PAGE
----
Danger Ace wrote:
The fact that the kiss happened in 1968, one year after the ruling, is pretty damn remarkable in my opinion, regardless of if it was forced.
So by your reckoning all the cases of white men forcing themselves upon black women because they felt they could get away with it were merely just steps toward the acceptance interracial relationships?
Intent, free will, motive, etc. don't matter?
Nobody believes that.
First of all, it's already been established that this isn't the case of a white man forcing himself on a black woman, it's two people being sexually assaulted by a third party. I don't know why you feel the need to keep falling back on that argument. But the main problem with your post is that you somehow equated a kiss portrayed on television by actors, who willingly volunteered to be a part of the scene, with someone sexually assaulting someone else on the street.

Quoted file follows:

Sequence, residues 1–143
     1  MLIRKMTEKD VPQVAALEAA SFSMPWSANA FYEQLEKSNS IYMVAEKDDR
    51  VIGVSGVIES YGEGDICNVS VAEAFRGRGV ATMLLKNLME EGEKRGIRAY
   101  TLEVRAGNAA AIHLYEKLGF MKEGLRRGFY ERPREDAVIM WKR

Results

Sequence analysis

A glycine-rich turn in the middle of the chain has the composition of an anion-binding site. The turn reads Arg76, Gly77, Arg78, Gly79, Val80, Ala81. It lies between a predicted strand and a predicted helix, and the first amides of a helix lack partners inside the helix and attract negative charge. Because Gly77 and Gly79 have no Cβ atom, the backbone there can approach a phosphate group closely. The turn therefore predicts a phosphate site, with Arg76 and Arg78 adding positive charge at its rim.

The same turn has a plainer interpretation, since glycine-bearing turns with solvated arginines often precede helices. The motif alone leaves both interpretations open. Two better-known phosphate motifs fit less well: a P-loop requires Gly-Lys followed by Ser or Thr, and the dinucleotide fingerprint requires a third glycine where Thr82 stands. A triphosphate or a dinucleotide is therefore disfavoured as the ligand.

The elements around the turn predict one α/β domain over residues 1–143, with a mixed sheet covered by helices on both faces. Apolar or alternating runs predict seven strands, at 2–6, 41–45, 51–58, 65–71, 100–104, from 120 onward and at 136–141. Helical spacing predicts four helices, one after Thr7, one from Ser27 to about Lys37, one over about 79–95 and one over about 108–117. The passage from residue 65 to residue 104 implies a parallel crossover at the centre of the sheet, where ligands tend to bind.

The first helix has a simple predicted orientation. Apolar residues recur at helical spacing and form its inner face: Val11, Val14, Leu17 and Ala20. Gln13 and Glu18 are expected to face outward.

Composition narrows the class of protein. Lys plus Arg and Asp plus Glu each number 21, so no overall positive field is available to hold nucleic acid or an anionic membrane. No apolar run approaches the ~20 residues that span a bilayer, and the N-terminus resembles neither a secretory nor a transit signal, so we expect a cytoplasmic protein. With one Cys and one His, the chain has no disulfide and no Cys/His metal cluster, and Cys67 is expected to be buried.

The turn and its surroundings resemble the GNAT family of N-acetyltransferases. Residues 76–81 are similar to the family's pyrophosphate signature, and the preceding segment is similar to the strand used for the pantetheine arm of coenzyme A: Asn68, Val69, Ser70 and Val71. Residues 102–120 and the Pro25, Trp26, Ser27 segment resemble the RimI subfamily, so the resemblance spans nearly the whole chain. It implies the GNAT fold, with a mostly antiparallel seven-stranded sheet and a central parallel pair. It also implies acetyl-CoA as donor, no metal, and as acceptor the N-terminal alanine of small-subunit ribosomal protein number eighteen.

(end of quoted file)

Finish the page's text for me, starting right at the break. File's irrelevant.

To expound on my position, I find the scene remarkable because it displayed a kiss between a white actor and a black actor on national television. How many actors would be willing to do that given the possible repercussions from within the industry? And how many television shows would risk possibly alienating a large segment of the audience? That’s why the kiss was important, and that’s also why context doesn’t matter.